Riders, vets, family members celebrate Memorial Day
Glenwood Springs Post Independent
Memorial Day in Glenwood Springs began and ended with the sound of 124 motorcycles roaring through Rosebud Cemetery. Since the group’s beginning four years ago, the Western Slope Memorial Day Riders have grown from 16 bikes to 124. The riders parade each year from Bair Ranch to Rifle, where they end the holiday with a cookout at the Colorado State Veterans Home.
“If it wasn’t for the veterans, none of us would have jobs or probably anything else, you know, we wouldn’t have a life. It’s because of them that we have our freedom, and we just do it because we want to show our respect to them,” said F.C. Dobbs, who started the Western Slope Memorial Day Riders organization.
Glenwood locals of all ages covered the cemetery during prayers, songs, speeches and traditions like the raising of the flag and the 21-gun Salute. The Memorial Day address was given by Cadet Lt. Col. Avery Justice, who will graduate this year from Glenwood Springs High School and go on to join the U.S. Air Force.
“Memorial Day, it’s a day to remember those who have fallen and served our country,” Justice said. “Basically, those who have sacrificed their life in the line of duty, but also we still acknowledge those who are still serving.”
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In his address, Justice recounted how all through high school, he knew he wanted to make the military a part of his life so that he could go on to protect others from those who wish our nation harm. He eventually decided during his senior year to pursue the Air Force with the hope of giving back to fallen veterans.
“Service is not just about the pay or the free education the military has to offer. It’s much more than benefits and glory. It’s about giving back to those who gave, and doing our part for future generations, so that they might continue to live free, at peace and possibly one day take in part in serving his or her own country,” Justice said.
The crowd also heard from Greg Bak of the Western Slope Veterans Coalition. Bak invited the community’s veterans to get involved with the Glenwood Springs Veterans Resource Center, which celebrates brotherhood and sisterhood between veterans and provides support for those in need.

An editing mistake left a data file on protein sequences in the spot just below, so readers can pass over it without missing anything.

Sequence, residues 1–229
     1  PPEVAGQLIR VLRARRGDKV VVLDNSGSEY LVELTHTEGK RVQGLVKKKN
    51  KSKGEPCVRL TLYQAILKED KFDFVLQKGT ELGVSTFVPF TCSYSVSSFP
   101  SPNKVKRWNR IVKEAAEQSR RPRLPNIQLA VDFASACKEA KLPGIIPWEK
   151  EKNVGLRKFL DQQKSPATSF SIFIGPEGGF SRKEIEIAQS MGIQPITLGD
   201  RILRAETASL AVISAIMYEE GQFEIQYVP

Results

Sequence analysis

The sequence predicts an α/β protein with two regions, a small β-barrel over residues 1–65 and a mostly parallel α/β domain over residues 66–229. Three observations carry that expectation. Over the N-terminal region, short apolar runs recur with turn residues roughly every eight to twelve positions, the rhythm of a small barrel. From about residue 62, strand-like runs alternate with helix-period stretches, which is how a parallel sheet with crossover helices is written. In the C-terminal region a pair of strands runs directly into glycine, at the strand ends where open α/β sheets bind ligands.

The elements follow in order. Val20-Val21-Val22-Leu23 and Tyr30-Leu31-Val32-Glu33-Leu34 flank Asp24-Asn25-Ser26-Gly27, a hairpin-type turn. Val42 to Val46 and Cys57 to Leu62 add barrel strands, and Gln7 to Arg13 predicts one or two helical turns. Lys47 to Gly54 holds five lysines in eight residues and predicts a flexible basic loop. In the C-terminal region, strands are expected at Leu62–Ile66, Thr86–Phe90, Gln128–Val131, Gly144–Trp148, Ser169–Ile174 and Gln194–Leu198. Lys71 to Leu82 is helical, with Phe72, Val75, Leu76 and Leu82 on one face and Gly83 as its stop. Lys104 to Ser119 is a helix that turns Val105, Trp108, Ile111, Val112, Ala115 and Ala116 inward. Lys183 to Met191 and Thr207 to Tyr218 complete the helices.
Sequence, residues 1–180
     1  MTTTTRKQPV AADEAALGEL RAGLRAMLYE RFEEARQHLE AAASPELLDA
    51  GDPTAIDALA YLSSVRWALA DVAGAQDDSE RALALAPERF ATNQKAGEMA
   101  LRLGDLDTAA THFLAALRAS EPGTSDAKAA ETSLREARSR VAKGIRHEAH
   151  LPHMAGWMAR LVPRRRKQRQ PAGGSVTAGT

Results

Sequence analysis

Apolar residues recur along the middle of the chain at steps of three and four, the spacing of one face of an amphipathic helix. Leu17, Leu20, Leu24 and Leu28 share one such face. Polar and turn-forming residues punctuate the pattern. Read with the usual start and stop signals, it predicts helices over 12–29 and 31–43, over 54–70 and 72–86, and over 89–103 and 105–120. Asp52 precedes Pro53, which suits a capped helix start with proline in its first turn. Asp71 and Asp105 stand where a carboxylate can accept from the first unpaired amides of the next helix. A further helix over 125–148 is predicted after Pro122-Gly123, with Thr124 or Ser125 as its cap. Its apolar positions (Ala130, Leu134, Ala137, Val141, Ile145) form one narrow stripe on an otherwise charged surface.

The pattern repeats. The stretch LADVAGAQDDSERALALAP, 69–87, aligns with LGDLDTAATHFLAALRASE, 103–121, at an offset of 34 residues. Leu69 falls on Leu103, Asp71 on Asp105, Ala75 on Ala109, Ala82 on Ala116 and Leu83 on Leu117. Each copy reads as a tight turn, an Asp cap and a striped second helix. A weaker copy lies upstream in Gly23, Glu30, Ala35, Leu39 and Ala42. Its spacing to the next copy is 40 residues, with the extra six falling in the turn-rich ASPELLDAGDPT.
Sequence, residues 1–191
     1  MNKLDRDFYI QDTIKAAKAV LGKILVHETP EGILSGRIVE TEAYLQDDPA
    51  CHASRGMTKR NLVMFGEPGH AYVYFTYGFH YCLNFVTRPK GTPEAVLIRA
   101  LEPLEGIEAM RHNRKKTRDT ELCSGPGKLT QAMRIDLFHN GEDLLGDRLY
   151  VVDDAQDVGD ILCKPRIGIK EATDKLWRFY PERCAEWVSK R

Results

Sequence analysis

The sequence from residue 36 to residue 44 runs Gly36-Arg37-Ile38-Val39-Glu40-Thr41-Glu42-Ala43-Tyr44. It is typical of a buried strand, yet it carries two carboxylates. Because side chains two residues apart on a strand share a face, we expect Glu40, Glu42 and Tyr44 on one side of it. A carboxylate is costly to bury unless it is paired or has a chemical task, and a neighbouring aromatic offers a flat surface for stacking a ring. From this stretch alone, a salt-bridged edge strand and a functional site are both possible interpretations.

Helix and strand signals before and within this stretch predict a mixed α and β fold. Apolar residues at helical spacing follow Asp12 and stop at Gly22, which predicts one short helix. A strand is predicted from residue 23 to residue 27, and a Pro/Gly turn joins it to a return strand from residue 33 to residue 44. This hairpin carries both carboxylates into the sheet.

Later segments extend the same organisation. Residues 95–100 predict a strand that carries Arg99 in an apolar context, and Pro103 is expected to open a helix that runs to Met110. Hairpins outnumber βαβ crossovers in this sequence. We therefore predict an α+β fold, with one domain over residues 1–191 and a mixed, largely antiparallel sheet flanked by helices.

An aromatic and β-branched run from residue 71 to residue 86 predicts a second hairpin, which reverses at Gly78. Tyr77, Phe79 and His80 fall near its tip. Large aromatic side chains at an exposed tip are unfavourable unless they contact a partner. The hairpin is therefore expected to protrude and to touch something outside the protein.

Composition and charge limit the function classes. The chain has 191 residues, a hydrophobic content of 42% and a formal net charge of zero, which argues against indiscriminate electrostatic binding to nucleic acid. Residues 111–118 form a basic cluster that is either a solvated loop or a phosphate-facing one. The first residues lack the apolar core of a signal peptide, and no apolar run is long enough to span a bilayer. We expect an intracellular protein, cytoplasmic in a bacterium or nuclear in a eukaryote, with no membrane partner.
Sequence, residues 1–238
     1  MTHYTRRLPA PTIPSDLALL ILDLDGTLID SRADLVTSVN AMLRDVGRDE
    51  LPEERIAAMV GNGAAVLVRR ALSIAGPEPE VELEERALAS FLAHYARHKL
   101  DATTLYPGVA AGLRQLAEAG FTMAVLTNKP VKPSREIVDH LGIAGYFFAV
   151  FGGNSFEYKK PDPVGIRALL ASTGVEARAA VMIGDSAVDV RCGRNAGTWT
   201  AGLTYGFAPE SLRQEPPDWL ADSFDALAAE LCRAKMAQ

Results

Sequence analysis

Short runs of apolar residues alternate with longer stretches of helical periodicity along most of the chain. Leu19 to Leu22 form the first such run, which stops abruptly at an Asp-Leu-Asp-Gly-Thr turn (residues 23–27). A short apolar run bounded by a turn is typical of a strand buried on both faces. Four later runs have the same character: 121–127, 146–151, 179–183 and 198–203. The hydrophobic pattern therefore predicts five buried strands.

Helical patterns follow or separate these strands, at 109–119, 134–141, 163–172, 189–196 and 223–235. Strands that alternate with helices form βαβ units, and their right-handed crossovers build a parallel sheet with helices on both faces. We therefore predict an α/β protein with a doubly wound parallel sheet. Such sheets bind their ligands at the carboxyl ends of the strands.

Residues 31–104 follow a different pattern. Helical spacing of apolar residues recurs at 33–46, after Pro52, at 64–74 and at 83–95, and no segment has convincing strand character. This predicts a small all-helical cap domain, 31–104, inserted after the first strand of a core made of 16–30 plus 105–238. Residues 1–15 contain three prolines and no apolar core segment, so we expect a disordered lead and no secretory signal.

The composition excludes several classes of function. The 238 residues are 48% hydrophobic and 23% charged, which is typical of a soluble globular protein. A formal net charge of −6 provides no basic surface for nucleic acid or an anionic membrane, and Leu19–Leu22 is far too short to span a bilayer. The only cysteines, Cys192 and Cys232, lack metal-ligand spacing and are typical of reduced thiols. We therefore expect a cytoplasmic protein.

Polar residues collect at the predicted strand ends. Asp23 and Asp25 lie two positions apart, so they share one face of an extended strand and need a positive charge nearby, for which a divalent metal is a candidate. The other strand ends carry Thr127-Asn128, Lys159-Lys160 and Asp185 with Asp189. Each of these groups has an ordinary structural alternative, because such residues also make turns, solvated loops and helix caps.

“As veterans, we all have to stick together. We were brothers and sisters in the fleet, in the field, in the air, and we’re still brothers and sisters,” he said.
The Veterans Resource Center is dedicated to providing assistance to veterans financially, but also to creating a safe place among comrades for those who have served. The center started when a Glenwood local returned home from serving and died shortly after, leaving a family of veterans in grief. The center’s No. 1 goal, Bak said, is to make sure that a situation like that does not arise again.
The ceremony was a time for honor and remembrance, but for each individual, it tugs at the heartstrings a little differently. Glenwood resident Jeremiah Ritter brought his family to the ceremony for the first time this year.
“We had family serve in Vietnam, so it’s to honor them,” he said. “My son’s godfather was in Vietnam, and he also worked in this cemetery.”
While Memorial Day is the official day to honor those in service, the remembrance doesn’t have to end with the day. The Veterans Resource Center holds meetings every Thursday in downtown Glenwood, and the Western Slope Memorial Day Riders can be found on Facebook by searching their name.
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Wayne Hall took a job as an air traffic controller at the Aspen-Pitkin County Airport in 2003 thinking he would stay for a short time. Instead he stayed for nearly 17 years and was promoted up to the position of air traffic manager. He reflected on the experience upon retirement.